Three Thoughts: Vermont 85, Niagara 67

UNCASVILLE, Conn. – There’s no time for what could have beens for college basketball coaches and teams, but there has to be at least a moment or two where Chris Casey and Niagara fans wonder the last couple of seasons.

Part of that isn’t reasonable, but consider this partial list of players who started their careers at Niagara and are still eligible to be playing with them starting with Juan’ya Green and Ameen Tanksley, both at Hofstra, and both first-team preseason All-CAA picks for the Pride, who are also picked to win the conference. It wouldn’t be their first regular-season title, of course, Niagara won the MAAC regular season three years ago before Joe Mihalich left to go to Hofstra and took Green and Tanksley with him.

That team (which went 19-14, 13-5 in the MAAC) also included then-freshman T.J. Cline, who showed plenty of potential and has blossomed into a stud … at Richmond of the Atlantic-10, a big man who can hold his own inside and step out to hit shots as well. That doesn’t take into account, Tahjere McCall, who played decent minutes as a freshman and now starts at Tennessee State.


Still, Casey regrouped (even after Antoine Mason decided to play his final year of eligibility at Auburn, too) and built a young squad last season around freshman Dominique Reid and sophomore Ramone Snowden, with sophomore Wesley Myers also playing a large role, and the trio seemed to be improving dramatically as the 2014-15 season progressed, the Purple Eagles finished 8-22, but won their last four regular season games, and with the third least experience of 351 Division I teams (according to KenPom), there was nowhere to go but up.

Famous last words.

To keep a long story short, Snowden transferred to James Madison, Myers left to play for Maine, and Reid got arrested twice and was then dismissed from school. Rayvon Harris, who was a key bench contributor, decided to transfer to Division II Winston-Salem State for his final season after graduating.

And it got worse, freshmen James Suber, Anders Skou Hansen, DayJar Dickson, and Julian Richardson – all of whom played minor roles but could have stepped up – left Niagara as well.

So Casey and the Purple Eagles are back to Square One this season (exacerbated even further by sophomore Karonn Davis being suspended for four games, including both this weekend). They are still the 311th most experienced team in Division I.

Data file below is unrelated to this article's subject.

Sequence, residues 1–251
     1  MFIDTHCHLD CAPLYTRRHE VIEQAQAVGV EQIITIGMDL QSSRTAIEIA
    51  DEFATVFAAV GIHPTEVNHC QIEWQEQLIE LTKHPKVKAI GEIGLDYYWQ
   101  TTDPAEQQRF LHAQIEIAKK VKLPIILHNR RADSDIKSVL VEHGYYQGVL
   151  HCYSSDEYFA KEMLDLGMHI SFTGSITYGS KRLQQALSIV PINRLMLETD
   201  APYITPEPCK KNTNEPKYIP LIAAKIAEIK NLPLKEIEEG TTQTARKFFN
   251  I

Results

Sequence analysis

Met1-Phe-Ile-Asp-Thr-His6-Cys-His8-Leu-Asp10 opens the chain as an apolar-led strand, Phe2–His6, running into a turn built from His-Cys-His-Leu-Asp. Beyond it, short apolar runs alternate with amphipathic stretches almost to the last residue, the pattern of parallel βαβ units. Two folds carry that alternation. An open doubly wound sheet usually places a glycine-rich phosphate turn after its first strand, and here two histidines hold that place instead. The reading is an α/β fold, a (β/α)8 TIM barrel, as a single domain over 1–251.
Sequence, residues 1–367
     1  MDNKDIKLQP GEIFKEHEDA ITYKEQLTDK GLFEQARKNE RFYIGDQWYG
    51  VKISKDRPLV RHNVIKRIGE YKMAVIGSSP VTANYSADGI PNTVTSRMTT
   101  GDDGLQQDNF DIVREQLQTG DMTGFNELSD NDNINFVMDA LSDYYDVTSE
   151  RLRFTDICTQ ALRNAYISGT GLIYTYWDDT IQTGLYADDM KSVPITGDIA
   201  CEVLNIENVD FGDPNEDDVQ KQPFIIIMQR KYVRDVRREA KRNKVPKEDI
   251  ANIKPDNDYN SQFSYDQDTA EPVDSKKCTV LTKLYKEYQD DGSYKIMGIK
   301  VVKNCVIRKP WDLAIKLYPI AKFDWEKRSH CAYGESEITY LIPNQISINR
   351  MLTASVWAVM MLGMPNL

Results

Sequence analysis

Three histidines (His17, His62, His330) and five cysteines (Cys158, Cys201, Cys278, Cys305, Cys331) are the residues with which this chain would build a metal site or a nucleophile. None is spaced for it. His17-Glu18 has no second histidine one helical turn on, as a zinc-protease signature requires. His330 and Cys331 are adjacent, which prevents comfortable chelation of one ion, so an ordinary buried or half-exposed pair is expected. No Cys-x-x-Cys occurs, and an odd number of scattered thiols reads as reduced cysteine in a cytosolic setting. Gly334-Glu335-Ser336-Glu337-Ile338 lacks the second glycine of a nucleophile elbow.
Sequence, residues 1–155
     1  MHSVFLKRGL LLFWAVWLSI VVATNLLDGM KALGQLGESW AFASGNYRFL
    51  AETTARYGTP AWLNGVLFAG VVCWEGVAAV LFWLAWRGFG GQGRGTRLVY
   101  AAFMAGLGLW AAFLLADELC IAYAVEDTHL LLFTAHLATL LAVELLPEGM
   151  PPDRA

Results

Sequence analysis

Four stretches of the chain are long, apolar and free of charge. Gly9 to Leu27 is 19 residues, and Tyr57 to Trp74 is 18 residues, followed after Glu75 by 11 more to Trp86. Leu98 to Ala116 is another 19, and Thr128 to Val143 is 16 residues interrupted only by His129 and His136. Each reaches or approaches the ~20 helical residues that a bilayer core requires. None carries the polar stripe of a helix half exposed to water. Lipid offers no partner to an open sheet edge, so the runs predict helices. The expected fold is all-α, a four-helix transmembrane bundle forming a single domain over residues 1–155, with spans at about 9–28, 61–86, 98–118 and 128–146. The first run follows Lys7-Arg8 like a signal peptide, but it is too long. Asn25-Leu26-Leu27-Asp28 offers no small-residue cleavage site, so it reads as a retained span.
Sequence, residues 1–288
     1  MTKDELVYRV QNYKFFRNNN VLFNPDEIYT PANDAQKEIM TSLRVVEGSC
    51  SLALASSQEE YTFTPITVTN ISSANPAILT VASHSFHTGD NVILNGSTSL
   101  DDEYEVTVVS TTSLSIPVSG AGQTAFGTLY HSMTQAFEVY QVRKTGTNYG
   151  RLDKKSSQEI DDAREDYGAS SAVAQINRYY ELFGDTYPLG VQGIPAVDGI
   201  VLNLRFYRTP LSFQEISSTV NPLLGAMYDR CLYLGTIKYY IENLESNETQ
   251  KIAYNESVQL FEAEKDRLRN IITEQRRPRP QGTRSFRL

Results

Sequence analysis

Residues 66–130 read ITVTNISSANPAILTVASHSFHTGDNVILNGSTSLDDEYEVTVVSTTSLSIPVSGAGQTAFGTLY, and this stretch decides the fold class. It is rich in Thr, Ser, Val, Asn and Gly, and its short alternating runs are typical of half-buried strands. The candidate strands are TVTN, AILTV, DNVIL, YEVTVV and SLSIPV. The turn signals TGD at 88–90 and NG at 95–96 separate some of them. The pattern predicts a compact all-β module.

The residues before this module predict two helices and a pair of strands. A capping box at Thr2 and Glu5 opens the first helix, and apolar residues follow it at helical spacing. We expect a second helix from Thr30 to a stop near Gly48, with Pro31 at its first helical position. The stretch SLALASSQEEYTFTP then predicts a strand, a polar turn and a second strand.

“We just have to make a few shots,” Casey said after Saturday’s 85-67 loss to Vermont at Mohegan Sun Arena. “We’re still finding our way, but there’s no other group I would want to find my way with than these guys. We’ll go back to the hotel, look at the tape, and get better for tomorrow’s game (against North Carolina A&T).”

As they showed Saturday, though, they’re going to play hard for Casey. Eventually, Vermont took over late in the game, but from the “one man’s mistake is another man’s opportunity” school, players like Emile Blackman – himself a transfer from Division II LIU Post – and sophomore Matt Scott (from Brooklyn) have done their best to step up and help the rest of the entirely new roster get accustomed to this level and hopefully be competitive in the MAAC.

The Purple Eagles will add potentially impact transfer Kahlil Dukes from USC next season, and – if they can keep the band together – may find themselves with some stability for the first time since Casey (who was recently given a contract extension) arrived on campus three years ago.

For now, they’ll just have to battle.

What else did we learn from Niagara and Vermont Saturday at the Hall of Fame Tip-Off Classic?

  1. Trae Bell-Haynes may be the biggest key in America East

The Canadian point guard showed enormous potential last season, but could not shake the turnover bug, posting an unacceptable 31.4% turnover rate (an even worse 32.3% in conference play). Even in the postseason, Bell-Haynes had seven against Radford and five more in the season-ending loss to Louisiana-Monroe in the CBI.